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Facebook to trial mid-roll video ads

After years of abstaining from pre-roll ads, Facebook will soon introduce ad breaks in video content. 

The pre-roll ad is a familiar staple of online video, especially on YouTube, where vloggers have used the model to generate revenue. But there’s one dominant platform where you won’t find pre-roll ads on video content: Facebook.

CEO Mark Zuckerberg famously banned the practice, meaning publishers had to work with advertisers on sponsored content if they wanted to monetise video. And the absence of pre-rolls certainly seemed to have paid off; as of 2016, users were watching 100 million hours of video per day on Facebook.

Pretty soon, however, Facebook will be introducing mid-roll ads, Recode reports. This means publishers will be able to insert ads anywhere into their video content, as long as it is after the 20 second mark.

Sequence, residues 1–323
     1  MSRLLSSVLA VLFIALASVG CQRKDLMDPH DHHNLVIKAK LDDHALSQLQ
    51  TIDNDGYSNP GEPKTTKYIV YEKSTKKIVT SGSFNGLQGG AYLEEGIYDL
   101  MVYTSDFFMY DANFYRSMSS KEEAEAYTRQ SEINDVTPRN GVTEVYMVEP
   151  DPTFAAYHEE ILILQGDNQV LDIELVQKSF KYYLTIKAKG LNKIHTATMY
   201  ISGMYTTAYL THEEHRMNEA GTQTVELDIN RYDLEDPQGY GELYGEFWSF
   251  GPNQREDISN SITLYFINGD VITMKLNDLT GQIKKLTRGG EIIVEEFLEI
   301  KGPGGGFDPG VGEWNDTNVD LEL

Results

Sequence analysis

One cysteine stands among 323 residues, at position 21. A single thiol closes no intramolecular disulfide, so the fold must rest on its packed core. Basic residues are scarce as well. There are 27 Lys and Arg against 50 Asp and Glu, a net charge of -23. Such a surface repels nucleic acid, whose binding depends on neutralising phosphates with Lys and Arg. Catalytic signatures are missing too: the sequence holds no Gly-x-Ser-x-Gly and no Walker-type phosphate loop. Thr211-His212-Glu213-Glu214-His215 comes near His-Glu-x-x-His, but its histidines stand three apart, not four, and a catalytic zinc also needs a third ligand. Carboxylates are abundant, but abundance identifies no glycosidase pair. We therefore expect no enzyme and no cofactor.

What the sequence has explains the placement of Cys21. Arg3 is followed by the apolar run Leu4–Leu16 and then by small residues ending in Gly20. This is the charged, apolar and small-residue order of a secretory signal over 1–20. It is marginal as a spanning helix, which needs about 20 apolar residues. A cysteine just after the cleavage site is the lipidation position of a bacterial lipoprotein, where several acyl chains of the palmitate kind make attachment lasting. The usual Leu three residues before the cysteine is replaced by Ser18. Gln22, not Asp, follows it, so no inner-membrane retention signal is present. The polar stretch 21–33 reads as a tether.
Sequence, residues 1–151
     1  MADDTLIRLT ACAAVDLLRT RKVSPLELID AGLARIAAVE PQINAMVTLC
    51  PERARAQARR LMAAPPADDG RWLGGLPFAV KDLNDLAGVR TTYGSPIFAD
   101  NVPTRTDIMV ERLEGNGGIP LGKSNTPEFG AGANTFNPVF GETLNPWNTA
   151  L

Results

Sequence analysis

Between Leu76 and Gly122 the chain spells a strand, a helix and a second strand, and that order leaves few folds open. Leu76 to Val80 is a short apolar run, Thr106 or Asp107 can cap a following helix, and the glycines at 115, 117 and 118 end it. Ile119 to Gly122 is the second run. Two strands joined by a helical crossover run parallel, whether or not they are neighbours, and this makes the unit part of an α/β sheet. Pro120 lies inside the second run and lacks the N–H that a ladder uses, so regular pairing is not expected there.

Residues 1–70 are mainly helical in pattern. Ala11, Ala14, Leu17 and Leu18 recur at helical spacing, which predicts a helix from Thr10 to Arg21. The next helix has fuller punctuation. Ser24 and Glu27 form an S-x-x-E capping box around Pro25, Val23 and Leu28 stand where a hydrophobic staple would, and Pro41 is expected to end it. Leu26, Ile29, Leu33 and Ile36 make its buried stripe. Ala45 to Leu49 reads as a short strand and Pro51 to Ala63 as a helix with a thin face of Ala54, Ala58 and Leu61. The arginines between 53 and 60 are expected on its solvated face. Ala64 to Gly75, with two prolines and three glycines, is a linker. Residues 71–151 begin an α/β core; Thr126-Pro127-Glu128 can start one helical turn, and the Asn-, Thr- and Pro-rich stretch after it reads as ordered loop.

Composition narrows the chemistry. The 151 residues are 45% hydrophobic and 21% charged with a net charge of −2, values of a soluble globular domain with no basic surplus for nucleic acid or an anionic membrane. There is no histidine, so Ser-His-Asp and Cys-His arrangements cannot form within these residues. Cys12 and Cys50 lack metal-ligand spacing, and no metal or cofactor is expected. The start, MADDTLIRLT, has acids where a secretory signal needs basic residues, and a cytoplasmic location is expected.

The 20 second threshold will give advertisers a greater idea of engagement; at present, a video view on Facebook counts as a play of just three seconds or more, however the fact that Facebook videos auto-play as users scroll down their News Feed makes it impossible to read anything meaningful into this.

YouTube currently enables creators to insert ad breaks in videos that run for longer than ten minutes, thus maximising ad revenue. On Facebook, mid-roll ads will only be available on videos which run for 90 seconds or longer, and the ads themselves will be limited to a duration of just 15 seconds, ensuring that users won’t be sat around enduring ad spots which are actually longer than the short-form content they want to watch.

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